Comet ISON was burned to death on its maiden voyage around the Sun, scientists say.
The comet, which excited astronomers and the media as it zipped within 730,000 miles of the sun on Thanksgiving Day, was pronounced dead at a scientific conference Tuesday.
Naval Research Lab astronomer Karl Battams, who headed the observing campaign for the comet, said ISON was stretched and pulled by the sun’s powerful gravity. It was also hit with solar radiation. And the icy snowball just fell apart.
Comet ISON was burned to death on its maiden voyage around the Sun
“At this point it seems like there is nothing left,” Karl Battams said at the American Geophysical Union conference in San Francisco.
“Sorry, everyone, Comet ISON is dead. But its memory will live on.”
Astronomers had hoped it would survive because some comets make it past close approaches with the sun. Last year, Comet Lovejoy did.
According to some specialists, Comet ISON appears to have survived a close encounter with the Sun that had threatened to vaporize it.
The remnant could now go on to be visible from Earth in December, but astronomers do not know how bright it might become.
Travelling at more than 200 miles per second, ISON passed 730,000 miles above the sun’s 6,000C surface on Thursday evening. This would have heated the comet to almost 3,000°C, enough to vaporize rock as well as ice.
The hope was that the comet would remain sufficiently bright to be visible with the unaided eye throughout December. However, as ISON sped towards the sun, it faded dramatically from view. This led some experts to assume it had disintegrated.
“I’m not seeing anything that emerged from behind the solar disc. That could be the nail in the coffin,” said astrophysicist Karl Battams, from the Naval Research Laboratory in Washington, during a live broadcast on NASA TV.
Yet, rumors of the comet’s demise may have been greatly exaggerated. Overnight, something following ISON’s orbit re-emerged on the opposite side of the sun. Now it is brightening as it plunges back into deep space.
Comet ISON appears to have survived a close encounter with the Sun that had threatened to vaporize it
“To all intents and purposes it looked like it had gone, and then amazingly this thing appears out the other side,” said Professor Tim O’Brien, associate director of the University of Manchester’s Jodrell Bank observatory.
“What we don’t know is whether the whole thing fell apart and whether the dust that was embedded within the ice is just basically in a big cloud and that is continuing to orbit,” he explained.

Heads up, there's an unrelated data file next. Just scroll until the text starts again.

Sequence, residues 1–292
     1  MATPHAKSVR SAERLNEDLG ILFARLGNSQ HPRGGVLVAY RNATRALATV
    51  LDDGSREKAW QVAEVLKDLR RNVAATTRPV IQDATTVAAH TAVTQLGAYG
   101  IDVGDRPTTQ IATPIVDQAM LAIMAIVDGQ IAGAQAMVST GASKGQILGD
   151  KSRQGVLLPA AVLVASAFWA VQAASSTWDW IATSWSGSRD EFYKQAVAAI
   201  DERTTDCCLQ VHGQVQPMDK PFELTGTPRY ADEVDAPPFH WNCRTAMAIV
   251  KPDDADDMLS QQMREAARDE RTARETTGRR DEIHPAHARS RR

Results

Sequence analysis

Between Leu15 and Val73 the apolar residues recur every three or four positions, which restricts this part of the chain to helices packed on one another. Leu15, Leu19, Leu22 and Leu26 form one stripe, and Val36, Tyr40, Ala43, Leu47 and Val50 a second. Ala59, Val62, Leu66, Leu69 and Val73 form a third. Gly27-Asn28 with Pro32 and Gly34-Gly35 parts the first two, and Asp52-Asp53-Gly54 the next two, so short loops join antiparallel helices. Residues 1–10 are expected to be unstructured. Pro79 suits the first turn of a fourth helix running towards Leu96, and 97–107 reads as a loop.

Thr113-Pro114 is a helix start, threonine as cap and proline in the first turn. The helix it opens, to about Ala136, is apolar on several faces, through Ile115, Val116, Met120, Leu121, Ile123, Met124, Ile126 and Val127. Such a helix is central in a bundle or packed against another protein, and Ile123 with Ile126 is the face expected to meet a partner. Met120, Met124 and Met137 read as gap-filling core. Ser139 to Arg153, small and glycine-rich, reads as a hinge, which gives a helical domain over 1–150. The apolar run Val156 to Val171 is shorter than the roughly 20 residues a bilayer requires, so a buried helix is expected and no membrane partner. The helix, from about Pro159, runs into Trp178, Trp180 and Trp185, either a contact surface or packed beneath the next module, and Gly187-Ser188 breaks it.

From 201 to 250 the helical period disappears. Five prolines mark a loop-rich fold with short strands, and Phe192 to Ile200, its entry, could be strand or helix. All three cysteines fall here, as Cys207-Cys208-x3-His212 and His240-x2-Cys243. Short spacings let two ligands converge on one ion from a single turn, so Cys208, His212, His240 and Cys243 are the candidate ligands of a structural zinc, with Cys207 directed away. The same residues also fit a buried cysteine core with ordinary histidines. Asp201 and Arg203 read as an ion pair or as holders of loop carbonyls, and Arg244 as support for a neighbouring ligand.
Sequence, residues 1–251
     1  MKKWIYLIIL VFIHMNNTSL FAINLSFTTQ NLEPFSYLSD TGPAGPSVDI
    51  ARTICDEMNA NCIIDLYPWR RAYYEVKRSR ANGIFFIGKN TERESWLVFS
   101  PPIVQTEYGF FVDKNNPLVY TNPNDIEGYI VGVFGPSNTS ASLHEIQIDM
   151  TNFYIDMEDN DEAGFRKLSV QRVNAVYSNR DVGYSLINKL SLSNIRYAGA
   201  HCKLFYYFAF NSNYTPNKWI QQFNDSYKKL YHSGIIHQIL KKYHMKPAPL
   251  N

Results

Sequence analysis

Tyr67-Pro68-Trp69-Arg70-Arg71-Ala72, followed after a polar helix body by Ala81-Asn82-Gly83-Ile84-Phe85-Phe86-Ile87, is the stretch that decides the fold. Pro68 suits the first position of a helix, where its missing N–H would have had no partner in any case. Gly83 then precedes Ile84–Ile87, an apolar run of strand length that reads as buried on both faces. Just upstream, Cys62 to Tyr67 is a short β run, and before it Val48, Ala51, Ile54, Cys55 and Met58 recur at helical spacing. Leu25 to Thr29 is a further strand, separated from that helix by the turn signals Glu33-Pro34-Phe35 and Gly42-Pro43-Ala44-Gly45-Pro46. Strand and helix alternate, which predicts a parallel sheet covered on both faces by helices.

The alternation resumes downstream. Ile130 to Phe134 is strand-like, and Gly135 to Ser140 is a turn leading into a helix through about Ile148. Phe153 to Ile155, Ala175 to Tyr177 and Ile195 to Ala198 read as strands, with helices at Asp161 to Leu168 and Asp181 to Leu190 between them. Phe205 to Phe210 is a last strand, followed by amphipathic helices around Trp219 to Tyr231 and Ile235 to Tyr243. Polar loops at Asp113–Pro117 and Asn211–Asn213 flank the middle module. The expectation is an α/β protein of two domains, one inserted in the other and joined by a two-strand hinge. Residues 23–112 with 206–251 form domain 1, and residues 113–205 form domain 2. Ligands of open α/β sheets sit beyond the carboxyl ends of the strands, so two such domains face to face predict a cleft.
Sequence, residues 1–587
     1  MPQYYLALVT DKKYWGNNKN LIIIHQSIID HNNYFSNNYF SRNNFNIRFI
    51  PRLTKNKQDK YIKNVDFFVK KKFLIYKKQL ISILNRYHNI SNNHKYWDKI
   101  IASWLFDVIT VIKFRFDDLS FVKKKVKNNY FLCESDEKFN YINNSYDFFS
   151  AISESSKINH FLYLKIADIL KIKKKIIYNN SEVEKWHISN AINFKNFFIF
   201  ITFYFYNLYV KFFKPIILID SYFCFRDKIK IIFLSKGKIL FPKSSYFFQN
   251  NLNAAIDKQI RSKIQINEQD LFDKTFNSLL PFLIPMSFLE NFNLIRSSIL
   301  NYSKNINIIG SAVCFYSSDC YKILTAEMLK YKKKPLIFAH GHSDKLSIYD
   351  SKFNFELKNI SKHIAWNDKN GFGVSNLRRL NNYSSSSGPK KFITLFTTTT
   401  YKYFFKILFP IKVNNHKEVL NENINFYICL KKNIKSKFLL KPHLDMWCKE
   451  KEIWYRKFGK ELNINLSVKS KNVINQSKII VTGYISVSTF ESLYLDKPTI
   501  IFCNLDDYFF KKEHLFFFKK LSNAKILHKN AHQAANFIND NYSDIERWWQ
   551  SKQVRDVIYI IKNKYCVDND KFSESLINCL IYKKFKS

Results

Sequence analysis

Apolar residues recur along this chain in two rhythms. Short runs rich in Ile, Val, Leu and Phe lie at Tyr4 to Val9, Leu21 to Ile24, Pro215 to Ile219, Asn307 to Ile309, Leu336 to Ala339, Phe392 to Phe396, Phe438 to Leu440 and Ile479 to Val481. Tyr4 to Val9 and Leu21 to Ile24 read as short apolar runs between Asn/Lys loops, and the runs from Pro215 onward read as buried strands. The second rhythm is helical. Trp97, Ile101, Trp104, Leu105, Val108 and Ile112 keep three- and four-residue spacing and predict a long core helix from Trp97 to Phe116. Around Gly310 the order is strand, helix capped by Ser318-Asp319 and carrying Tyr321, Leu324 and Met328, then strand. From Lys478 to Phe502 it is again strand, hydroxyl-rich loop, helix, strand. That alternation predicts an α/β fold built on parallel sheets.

“The question is, is it just a cloud of dust … or is there still either one or more remnants of the nucleus.”
The nucleus, a huge lump of rock and ice, was several miles wide on its approach to the sun, and brightened as the sun heated it to create an atmosphere, or coma, of ice and dust which was blown away from the sun to form a tail.
But radiation pressure, extreme heat and gravitational forces could have ripped the comet apart.
If the remnant is a cloud of dust it will rapidly dissipate. If it is solid the sunlight will continue to vaporize its ice, creating a tail that may be visible from Earth.
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Astronomers are waiting to see if Comet ISON survives its encounter with the Sun.
Comet ISON will reach its closest approach to the Sun at approximately 18:35 GMT on Thursday.
It has been billed as a potential “comet of the century”, but the Sun’s heat and gravitational tug could destroy it before it has a chance to light up the skies.
Comet ISON came from the Oort Cloud, a mysterious, icy region at the furthest reaches of our Solar System.
It has been hurtling towards the Earth, travelling at more than a million kilometres an hour.
Comet ISON makes final approach to go around the Sun on Thanksgiving Day
Now it is entering the most perilous stage of its epic journey.
ISON will pass the Sun at a distance of just 1.2 million km, effectively grazing its surface.
The Sun’s intense gravitational field produces tidal forces that will also have a major effect on the comet.
Scientists fear it could follow the path of Comet Lovejoy, which broke apart after it passed near the Sun in 2011. Or it could run out of fuel and fizzle out. It is hoped Ison’s large size could protect it.
Astronomers estimate that its nucleus could be several kilometres in diameter, helping it to withstand the solar assault.
If it does remain largely intact, the heat from the Sun will excite the dust and gas in its core, allowing it to blaze a trail across the night skies. But whether it really will be a “comet of the century” is unclear.
There has been some debate already about whether Comet ISON is starting to break up, and telescopes such as the ESA/NASA SOHO Sun-observing satellite will be trained on the star during the approach.
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